“Ukraine’s rapid progress in drone technology is hastening the inevitable development of full autonomous fighting drones and robots, heralding a new era of warfare.
The longer the war lasts, the more likely it becomes that drones will be used to identify, select and attack targets without help from humans, according to military analysts, combatants and artificial intelligence researchers.
That would mark a revolution in military technology as profound as the introduction of the machine gun. Ukraine already has semi-autonomous attack drones and counter-drone weapons endowed with AI. Russia also claims to possess AI weaponry, though the claims are unproven. But there are no confirmed instances of a nation putting into combat robots that have killed entirely on their own.
Experts say it may be only a matter of time before either Russia or Ukraine, or both, deploy them.
“Many states are developing this technology,” said Zachary Kallenborn, a George Mason University weapons innovation analyst. ”Clearly, it’s not all that difficult.”
The sense of inevitability extends to activists, who have tried for years to ban killer drones but now believe they must settle for trying to restrict the weapons’ offensive use.
Ukraine’s digital transformation minister, Mykhailo Fedorov, agrees that fully autonomous fighting drones are “a logical and inevitable next step” in weapons development. He said Ukraine has been doing “a lot of R&D in this direction.”
“I think that the potential for this is great in the next six months,” Fedorov told The Associated Press in a recent interview.
Ukrainian Lt. Col. Yaroslav Honchar, co-founder of the combat drone innovation nonprofit Aerorozvidka, said in a recent interview near the front that human war fighters simply cannot process information and make decisions as quickly as machines.
Ukrainian military leaders currently prohibit the use of fully independent lethal weapons, although that could change, he said.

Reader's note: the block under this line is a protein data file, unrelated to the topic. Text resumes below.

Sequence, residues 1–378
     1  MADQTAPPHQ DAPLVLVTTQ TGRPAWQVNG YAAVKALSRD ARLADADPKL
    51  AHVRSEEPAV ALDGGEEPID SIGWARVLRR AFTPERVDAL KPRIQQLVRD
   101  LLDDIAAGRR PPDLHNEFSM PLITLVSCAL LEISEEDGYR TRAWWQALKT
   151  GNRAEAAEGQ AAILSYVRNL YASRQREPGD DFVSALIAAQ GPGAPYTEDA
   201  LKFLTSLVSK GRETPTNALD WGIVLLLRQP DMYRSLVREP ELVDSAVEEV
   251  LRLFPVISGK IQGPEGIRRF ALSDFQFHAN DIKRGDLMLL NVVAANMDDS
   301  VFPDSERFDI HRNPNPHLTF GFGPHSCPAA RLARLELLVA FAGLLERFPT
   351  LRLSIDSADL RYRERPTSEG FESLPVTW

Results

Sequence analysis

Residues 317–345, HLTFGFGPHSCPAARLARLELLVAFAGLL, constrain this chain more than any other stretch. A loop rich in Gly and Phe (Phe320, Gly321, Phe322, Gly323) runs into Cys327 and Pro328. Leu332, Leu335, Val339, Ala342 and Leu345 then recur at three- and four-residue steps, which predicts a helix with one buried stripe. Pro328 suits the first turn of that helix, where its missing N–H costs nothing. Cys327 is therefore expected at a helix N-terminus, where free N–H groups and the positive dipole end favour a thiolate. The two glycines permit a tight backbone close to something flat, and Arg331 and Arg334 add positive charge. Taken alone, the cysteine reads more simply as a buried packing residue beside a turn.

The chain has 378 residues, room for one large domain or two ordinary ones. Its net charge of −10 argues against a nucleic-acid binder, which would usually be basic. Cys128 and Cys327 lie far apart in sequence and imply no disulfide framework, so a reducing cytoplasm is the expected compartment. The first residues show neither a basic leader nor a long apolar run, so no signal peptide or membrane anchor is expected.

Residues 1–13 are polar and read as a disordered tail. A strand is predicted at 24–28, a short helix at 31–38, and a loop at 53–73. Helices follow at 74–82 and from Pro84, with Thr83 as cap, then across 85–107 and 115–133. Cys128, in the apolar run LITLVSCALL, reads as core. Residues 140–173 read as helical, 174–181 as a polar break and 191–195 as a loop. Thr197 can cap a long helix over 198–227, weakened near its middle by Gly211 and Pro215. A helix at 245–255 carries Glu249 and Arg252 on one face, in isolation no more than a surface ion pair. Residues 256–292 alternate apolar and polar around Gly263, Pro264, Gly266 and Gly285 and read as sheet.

“We have not crossed this line yet – and I say ‘yet’ because I don’t know what will happen in the future.” said Honchar, whose group has spearheaded drone innovation in Ukraine, converting cheap commercial drones into lethal weapons.
Russia could obtain autonomous AI from Iran or elsewhere. The long-range Shahed-136 exploding drones supplied by Iran have crippled Ukrainian power plants and terrorized civilians but are not especially smart. Iran has other drones in its evolving arsenal that it says feature AI.
Without a great deal of trouble, Ukraine could make its semi-autonomous weaponized drones fully independent in order to better survive battlefield jamming, their Western manufacturers say.
Those drones include the U.S.-made Switchblade 600 and the Polish Warmate, which both currently require a human to choose targets over a live video feed. AI finishes the job. The drones, technically known as “loitering munitions,” can hover for minutes over a target, awaiting a clean shot.
“The technology to achieve a fully autonomous mission with Switchblade pretty much exists today,” said Wahid Nawabi, CEO of AeroVironment, its maker. That will require a policy change — to remove the human from the decision-making loop — that he estimates is three years away.
Fully autonomous fighting drones can already recognize targets such as armored vehicles using cataloged images. But there is disagreement over whether the technology is reliable enough to ensure that the machines don’t err and take the lives of noncombatants.
If either side were to go on the attack with full AI, it might not even be a first.
An inconclusive U.N. report suggested that killer robots debuted in Libya’s internecine conflict in 2020, when Turkish-made Kargu-2 drones in full-automatic mode killed an unspecified number of combatants.